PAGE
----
Gary Johnson is not 6-foot-10. Would he like to be?
"I'd love to be about 6-9," Johnson, a Houston Aldine star, said. "It would be a lot easier going up against post guys that are taller than me."
Sometimes, size matters but when it comes to Johnson, it seemingly hasn't slowed him at all. An explosive, confident and highly motivated power forward, Johnson plays to his strengths. That means attacking with power, determination and a measure of craftiness. In short, he uses his mind and physical tools to make up for the fact he's not quite ideal size for his position at the high-major level.
"There's ways around (the height). I feel like every player has a weakness and once you find that weakness you try to attack it all night." For instance, in the game we saw, Johnson evaluated his opponent and put his plan in place.
"He really didn't run the floor as hard as I did so I kind of got out a lot faster and beat him with my quickness."
Johnson subscribes pretty much to one theory: hard work makes up for being undersized. "It all depends on how hard you play and how much heart you have to go up against people."
Gary Johnson is not Tyler Hansbrough but he has a similar approach and the same kind of motor. Guys like Johnson empty their tank each time out and because of it, they have tremendous college options.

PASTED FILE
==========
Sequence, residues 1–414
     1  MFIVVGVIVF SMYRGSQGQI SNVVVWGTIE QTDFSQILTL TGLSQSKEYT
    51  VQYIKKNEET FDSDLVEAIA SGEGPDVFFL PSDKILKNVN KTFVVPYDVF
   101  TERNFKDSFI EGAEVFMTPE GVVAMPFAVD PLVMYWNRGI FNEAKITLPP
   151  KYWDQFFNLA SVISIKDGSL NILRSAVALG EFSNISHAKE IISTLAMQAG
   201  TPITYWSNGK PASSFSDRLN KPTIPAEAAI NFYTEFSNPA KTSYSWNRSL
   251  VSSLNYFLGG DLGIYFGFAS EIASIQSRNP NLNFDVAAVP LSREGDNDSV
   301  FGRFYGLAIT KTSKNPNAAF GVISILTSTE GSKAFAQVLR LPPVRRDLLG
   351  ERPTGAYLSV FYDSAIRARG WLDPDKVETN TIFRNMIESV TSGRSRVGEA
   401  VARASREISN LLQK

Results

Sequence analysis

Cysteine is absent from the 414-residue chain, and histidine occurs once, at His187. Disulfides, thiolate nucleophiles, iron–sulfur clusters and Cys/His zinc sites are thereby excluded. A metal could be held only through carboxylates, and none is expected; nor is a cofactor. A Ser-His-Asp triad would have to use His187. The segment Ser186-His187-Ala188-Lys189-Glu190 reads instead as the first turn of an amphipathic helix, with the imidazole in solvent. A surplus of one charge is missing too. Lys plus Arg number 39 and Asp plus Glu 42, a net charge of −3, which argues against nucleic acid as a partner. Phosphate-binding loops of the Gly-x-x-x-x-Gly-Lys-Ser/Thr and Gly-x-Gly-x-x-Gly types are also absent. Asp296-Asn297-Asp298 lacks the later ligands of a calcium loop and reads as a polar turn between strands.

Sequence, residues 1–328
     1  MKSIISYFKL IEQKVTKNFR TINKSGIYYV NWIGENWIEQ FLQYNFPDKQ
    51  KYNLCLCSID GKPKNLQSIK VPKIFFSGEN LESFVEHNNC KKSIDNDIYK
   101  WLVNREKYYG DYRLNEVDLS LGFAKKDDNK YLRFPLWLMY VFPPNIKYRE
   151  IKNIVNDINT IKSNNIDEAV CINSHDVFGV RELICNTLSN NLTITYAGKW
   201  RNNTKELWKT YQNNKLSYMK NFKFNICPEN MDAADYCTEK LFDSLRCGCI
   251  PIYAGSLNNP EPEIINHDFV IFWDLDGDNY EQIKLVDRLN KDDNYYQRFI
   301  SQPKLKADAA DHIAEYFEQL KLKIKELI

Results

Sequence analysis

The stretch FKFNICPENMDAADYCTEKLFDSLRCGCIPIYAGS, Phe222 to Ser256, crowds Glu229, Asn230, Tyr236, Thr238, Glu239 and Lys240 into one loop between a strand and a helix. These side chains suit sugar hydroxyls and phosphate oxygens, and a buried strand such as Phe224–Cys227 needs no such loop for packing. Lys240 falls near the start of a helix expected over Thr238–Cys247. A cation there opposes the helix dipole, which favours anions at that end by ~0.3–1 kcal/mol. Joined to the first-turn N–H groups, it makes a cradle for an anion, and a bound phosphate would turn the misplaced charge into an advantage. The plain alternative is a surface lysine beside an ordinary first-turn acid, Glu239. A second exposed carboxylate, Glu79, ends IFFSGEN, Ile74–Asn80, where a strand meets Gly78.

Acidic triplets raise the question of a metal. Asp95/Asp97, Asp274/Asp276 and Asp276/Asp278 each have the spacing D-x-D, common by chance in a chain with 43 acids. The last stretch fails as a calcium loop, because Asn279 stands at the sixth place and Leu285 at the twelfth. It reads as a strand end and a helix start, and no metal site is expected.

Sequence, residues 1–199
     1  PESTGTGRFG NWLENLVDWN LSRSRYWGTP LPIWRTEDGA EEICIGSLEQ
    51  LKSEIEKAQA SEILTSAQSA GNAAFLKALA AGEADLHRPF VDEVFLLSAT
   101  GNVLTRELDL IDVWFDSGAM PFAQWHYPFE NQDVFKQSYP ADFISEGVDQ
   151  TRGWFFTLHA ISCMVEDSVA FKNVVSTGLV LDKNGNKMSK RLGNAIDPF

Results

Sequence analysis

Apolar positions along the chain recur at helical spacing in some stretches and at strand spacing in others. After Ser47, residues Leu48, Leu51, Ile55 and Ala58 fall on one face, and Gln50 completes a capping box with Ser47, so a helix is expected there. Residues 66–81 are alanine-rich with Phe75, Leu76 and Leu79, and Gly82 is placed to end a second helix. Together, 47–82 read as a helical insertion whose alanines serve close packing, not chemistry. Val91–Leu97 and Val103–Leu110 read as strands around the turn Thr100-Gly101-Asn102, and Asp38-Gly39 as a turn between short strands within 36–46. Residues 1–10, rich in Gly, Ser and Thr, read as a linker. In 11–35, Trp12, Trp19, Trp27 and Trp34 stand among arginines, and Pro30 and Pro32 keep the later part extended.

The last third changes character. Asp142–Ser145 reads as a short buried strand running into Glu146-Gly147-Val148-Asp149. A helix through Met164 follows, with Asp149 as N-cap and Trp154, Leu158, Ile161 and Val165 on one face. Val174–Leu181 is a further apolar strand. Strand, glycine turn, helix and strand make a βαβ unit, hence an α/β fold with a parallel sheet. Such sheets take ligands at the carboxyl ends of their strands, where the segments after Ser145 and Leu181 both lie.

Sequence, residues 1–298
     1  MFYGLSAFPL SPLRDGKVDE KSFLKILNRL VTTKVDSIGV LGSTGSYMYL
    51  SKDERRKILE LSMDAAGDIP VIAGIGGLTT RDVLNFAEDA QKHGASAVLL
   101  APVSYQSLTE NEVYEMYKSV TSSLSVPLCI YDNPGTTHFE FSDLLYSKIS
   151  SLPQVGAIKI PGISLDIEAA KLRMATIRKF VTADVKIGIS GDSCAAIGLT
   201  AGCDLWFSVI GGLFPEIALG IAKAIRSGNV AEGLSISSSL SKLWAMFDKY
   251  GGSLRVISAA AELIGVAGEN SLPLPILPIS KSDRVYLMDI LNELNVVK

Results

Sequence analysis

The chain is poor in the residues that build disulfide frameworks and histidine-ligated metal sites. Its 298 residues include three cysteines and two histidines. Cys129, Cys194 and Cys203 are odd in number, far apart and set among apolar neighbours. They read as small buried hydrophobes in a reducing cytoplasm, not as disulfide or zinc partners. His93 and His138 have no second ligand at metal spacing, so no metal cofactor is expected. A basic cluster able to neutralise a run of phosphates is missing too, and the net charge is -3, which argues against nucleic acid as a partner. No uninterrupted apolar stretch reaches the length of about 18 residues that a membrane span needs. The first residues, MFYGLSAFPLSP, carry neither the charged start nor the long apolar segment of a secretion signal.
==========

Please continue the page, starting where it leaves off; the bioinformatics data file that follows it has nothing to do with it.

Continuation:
The heavies with Johnson are Texas, Duke, Kentucky and Connecticut. Arizona and North Carolina are mixing it up as well. Head coaches from each school, except for UNC, saw him with his high school team this year.
Despite the rash of 2007 commitments, Johnson is not going to be swayed by anyone else's commitment. He's on his own timetable.
"I feel that if colleges want me that bad they'll hold out with their position," Johnson said. "None of those guys really matter to me in terms of what they do.
"I'm trying to have fun on the court right now. I should be ready to commit in the fall of next season."